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Border fight heats up in Australia, as WHO urges caution
Source: The Age
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  • The WA Government's border closure fight with Clive Palmer continues, with the Commonwealth joining the stoush
  • Palmer has taken the WA Government to court over its strict border closures, with the High Court to make a final ruling on the matter
  • If the billionaire is successful in challenging the WA border closures, they may have to be lifted to allow more travellers entry
  • The state has relied heavily on border closures to protect itself from the spread of the coronavirus, with the measure proving successful
  • WA hasn't recorded any deaths from COVID-19 since May, while
    comparatively, Victoria has recorded eight deaths in the last 24 hours alone
  • Meanwhile, the World Health Organisation (WHO) has issued new travel advice, calling for caution amongst countries opening their borders
  • WHO said while borders couldn't stay closed forever, public health had to be considered in the short term

WA is fighting to keep its border closures in place, as Victoria's COVID-19 cases skyrocket and the World Health Organisation urges caution in re-opening borders without considering the effect on public health.

WA v Palmer

At the heart of the WA's border closure stoush is billionaire and former politician Clive Palmer.

The founder of the eponymous Clive Palmer United Australia Party, formerly known as United Australia Party and the Palmer United Party, took WA to court in May this year for refusing him entry into the state.

WA has had a strict border closure in place since the start of the pandemic in March and since then it has only grown more strict, with some Perth residents even denied access back to their homes after travelling to COVID-19 hot-spots.

The tough closures have been labelled "damaging", "unconstitutional" and "act of stupidity" by Palmer, who wants to be able to attend business meetings in Perth.

However, the wider WA community appears to disagree with Palmer's assessment, with Premier Mark McGowan enjoying widespread support for his approach to COVID-19.

A survey in late April showed 91 per cent of West Australians supported the Premier's handling of the pandemic.

That number has crept even higher since then.

This is due to WA's relatively quick recovery from the coronavirus, with only nine deaths recorded across the state and 665 cases in total.

While businesses have been able to gradually re-open across WA since May, with almost all lockdown restrictions now completely lifted.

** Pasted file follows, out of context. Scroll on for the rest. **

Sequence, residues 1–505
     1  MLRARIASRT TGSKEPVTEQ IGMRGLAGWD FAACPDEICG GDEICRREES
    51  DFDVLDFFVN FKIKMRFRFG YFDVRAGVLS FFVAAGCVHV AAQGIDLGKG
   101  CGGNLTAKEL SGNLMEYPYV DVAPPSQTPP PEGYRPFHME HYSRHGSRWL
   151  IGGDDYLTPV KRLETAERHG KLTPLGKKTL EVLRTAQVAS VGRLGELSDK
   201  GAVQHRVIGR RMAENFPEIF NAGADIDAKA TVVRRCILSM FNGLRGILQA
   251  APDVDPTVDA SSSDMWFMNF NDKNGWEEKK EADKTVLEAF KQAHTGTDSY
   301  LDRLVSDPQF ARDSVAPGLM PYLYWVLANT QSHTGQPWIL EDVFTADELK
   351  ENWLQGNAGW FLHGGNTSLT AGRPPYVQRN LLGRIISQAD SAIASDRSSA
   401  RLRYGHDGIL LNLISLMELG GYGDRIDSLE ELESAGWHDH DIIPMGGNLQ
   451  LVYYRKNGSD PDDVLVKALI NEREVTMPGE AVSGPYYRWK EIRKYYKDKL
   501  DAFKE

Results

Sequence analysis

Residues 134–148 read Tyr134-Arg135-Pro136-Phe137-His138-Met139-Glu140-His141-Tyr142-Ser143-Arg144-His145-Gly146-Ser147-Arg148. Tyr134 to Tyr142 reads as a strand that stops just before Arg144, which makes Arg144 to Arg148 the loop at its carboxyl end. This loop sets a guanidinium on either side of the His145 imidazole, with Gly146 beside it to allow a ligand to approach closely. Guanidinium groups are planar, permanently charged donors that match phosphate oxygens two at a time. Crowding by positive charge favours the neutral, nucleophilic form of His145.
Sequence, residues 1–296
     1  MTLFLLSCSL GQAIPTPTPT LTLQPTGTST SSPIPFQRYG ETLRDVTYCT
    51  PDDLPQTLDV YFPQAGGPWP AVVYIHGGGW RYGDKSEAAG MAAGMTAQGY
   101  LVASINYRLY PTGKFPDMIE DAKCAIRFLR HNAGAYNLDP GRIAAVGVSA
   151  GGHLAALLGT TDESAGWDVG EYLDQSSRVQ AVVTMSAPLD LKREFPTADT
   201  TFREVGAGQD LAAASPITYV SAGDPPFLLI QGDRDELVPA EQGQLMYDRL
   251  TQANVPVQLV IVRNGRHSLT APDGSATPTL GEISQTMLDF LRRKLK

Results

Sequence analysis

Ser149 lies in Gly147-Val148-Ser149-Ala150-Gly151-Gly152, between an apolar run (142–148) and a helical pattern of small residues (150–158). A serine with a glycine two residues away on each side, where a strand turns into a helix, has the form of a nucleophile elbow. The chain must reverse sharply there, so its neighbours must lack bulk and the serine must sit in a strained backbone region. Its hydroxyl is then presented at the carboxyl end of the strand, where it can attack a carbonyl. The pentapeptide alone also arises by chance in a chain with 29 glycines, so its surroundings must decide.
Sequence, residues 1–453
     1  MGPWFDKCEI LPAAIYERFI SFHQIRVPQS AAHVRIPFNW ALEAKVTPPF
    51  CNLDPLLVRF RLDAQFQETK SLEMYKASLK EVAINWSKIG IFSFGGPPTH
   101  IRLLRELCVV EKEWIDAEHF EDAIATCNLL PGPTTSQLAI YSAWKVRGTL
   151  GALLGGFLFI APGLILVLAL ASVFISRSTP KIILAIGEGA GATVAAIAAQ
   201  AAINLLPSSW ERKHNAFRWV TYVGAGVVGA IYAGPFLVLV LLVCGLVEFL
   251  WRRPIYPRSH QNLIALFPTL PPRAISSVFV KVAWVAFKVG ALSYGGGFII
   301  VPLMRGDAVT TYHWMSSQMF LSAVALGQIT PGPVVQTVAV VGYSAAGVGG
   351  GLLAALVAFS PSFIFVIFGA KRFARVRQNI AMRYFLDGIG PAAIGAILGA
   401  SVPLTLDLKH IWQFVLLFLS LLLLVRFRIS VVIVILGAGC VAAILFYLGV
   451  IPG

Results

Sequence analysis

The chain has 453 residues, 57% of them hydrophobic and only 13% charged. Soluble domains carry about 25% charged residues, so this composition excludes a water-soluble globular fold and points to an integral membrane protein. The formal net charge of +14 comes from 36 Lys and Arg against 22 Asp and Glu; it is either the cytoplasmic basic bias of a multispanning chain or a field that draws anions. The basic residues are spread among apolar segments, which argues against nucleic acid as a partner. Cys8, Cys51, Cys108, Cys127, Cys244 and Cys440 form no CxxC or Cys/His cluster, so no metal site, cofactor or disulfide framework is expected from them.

Comparatively, Victoria has recorded eight deaths in the last 24 hours alone while more than 10,000 cases have been recorded in total.

Victorian officials are now considering moving to stage-four lockdown conditions, as 627 new cases were recorded there today, and 723 new cases yesterday.

WA v Commonwealth

Despite the border closures proving effective for WA, the Prime Minister has ordered they be lowered, with the Commonwealth joining Clive Palmer's court challenge.

Scott Morrison has long argued against WA's "all or nothing" border closure approach. He said it wasn't sustainable in the long term and the state needed to open its borders back-up.

"The constitution doesn’t provide for unilateral decisions to close borders without there being a proper basis for those decisions. That is our understanding," the PM said.

The Prime Minister also warned the State Government that it needed to come up with another plan to protect the state from COVID-19, as it was likely to lose its court battle.

WA Premier, Mark McGowan, is standing firm though, in his decision to keep the state shut to all other states and territories.

"Victoria has a diabolical and tragic situation on its hands," he said.

"We do not want that to come in here. We're doing everything we can to prevent that from coming in here," he added.

The border closure court case is currently being heard in Federal Court and will wrap up this week, before heading to the High Court where a final decision is expected by September.

WHO urges caution

The legal stoush between WA, Palmer and the Federal Government comes as the World Health Organisation (WHO) issued a new travel guidance policy.

WHO is now urging public health to be considered before international borders are re-opened.

In particular, it argues a thorough risk assessment should be completed assessing a nation's capacity to deal with increased COVID-19 cases before travel is allowed to resume.

The organisation had previously said travel bans weren't sustainable in the long-term, instead urging people to change their behaviour and practice social distancing and wearing masks in public.

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